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.chrisBest ResponseYou've already chosen the best response.1
To be correct, the delta "function" is a (irregular) distribution (not a function), so from the physical point of view it only makes sense to talk about it when integrating over it. You can imagine it as a the limit of a Gaussian, where the width approaches zero while the integral stays constant. (Hence the height gets infinity.) If it's (delta(xx')) together with any other function f(x) inside of an integral, the integral just leads to the value of the function at the point x=x', i.e. f(x'). Don't know if this really helps, but in principle I would say it's more like a mathematical trick (or property) then a physical interpretation of it.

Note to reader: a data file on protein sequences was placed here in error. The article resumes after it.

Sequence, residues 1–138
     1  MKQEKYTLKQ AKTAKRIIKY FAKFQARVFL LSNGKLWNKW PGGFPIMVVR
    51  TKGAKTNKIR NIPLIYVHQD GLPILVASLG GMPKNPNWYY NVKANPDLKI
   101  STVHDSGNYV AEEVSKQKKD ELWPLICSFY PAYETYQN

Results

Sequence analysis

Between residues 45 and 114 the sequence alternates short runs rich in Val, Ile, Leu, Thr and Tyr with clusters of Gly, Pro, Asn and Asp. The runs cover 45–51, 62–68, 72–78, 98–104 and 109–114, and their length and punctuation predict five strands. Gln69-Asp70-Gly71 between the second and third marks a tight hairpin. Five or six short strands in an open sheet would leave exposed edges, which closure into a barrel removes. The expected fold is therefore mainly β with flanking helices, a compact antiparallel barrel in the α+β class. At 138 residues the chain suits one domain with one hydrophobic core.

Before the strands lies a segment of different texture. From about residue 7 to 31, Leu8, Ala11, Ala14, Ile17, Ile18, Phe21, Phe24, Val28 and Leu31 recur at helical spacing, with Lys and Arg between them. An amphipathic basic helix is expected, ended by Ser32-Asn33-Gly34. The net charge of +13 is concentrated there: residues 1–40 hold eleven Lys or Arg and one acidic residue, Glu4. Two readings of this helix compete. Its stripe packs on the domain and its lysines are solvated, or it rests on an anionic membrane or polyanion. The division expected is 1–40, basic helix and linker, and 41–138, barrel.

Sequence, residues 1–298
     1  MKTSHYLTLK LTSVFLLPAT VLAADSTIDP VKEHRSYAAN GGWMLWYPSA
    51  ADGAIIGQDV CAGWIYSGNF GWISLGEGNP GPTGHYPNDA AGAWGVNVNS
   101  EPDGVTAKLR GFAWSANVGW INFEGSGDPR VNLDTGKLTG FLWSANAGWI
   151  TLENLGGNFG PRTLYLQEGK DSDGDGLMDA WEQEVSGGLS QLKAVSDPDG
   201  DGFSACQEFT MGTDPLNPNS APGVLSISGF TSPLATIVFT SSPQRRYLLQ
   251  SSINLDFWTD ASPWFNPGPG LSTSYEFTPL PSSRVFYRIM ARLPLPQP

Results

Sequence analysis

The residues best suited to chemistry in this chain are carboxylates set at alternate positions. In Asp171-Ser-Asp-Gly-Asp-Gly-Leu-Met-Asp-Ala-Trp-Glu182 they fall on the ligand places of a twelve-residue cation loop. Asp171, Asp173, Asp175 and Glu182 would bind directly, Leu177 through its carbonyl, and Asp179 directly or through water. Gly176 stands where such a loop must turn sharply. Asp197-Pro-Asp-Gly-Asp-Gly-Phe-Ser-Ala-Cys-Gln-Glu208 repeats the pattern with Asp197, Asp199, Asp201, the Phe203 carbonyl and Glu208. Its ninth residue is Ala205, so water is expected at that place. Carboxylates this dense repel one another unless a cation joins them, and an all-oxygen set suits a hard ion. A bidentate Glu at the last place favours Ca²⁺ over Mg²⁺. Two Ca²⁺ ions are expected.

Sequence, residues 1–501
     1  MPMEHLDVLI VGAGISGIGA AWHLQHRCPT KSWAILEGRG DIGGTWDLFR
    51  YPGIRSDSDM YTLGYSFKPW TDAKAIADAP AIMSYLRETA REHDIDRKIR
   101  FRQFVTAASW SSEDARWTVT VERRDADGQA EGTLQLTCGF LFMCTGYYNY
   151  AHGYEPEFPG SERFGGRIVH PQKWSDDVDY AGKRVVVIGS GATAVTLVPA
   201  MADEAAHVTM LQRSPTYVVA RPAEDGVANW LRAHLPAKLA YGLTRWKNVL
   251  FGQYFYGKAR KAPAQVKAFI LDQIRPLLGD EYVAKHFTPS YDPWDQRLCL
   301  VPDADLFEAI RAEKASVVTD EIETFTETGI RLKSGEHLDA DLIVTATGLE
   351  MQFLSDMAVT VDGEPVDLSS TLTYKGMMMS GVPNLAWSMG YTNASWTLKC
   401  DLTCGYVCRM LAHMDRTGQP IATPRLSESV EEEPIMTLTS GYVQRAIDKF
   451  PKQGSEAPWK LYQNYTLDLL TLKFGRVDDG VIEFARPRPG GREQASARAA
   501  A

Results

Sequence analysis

2 years ago
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